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MEPS prepress abstract   -  DOI:

Oyster reef habitat depends on environmental conditions and management across large spatial scales

Allison M. Tracy*, Keira Heggie, Carmen Ritter, Dave Norman, Rob Aguilar, Matthew B. Ogburn

*Corresponding author:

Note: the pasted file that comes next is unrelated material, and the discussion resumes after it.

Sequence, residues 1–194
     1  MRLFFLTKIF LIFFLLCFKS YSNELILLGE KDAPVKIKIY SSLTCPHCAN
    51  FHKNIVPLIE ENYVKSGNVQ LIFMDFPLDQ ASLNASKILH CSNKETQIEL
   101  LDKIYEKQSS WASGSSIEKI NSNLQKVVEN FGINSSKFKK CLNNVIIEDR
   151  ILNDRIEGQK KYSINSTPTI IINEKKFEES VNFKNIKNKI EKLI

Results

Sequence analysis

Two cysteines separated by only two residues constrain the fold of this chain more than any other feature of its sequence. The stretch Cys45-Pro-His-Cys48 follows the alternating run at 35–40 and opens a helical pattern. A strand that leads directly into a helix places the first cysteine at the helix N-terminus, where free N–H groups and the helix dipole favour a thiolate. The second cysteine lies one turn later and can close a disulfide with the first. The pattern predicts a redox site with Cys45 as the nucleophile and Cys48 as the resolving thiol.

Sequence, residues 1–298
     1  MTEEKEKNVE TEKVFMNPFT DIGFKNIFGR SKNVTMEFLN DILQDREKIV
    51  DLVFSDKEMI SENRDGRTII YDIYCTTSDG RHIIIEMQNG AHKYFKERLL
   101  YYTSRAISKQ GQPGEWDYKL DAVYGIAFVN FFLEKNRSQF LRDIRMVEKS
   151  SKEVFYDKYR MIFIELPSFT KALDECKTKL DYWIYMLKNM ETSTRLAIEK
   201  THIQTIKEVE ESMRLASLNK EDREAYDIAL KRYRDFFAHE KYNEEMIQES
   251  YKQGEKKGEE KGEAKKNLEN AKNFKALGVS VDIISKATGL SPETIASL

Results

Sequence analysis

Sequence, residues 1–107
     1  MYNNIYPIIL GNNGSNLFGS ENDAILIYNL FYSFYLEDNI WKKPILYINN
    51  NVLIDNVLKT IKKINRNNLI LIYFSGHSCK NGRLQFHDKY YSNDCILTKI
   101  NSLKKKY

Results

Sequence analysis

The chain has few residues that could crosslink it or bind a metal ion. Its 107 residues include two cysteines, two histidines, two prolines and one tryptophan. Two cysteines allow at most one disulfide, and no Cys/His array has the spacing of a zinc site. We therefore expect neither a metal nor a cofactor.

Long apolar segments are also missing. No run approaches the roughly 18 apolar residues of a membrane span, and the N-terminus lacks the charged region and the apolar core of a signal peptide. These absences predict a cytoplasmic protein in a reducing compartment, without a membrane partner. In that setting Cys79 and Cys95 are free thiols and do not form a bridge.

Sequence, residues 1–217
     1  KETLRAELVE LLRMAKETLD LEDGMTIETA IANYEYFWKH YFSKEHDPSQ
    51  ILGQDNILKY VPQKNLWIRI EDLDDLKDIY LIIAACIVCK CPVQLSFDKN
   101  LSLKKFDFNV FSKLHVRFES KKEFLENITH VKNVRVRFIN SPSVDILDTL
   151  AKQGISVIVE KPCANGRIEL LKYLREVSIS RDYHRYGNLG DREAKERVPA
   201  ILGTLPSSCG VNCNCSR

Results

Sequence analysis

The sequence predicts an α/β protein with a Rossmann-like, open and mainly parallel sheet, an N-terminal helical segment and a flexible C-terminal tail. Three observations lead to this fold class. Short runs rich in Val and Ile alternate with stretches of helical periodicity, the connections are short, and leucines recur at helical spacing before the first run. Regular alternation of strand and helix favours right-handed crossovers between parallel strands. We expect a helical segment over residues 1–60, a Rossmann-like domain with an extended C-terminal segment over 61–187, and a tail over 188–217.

ABSTRACT: Oyster reefs provide important services to ecosystems and people, with many of these benefits depending on structurally complex reef habitat. Despite the key role of oyster reef habitat, we have yet to understand natural and anthropogenic drivers of subtidal reef habitat over large spatial scales (>200 km). Chesapeake Bay offers a valuable system to explore how salinity, restoration, and harvest compare in their influence on subtidal oyster reef habitat because of its broad environmental gradient and mosaic of management types. We applied a remote rapid assessment method using underwater photographs to survey oyster reef habitat in 12 tributaries and scored images based on estimates of oyster percent cover and vertical relief. The survey’s broad spatial scale (~215 km) includes reefs that vary in management status and salinity. Bay-wide habitat scores were higher with greater estimated oyster percent cover and vertical relief on unharvested and restored reefs. Salinity also contributed to Chesapeake Bay-wide patterns, but the relationship depended on harvest status. In assessing the separate management jurisdictions, scores were higher on restored reefs in Maryland and on anthropogenic (i.e. artificially supplemented) reefs in Virginia. A time series over 4 years in 2 Maryland tributaries shows high and persistent habitat scores in restored sanctuaries, but habitat scores increased for all reefs over time. The results highlight the combined roles of the natural environment and management decisions on oyster reef habitat. The effect of harvest and restoration on habitat underscores the importance of local management decisions in determining the future status of oyster reefs.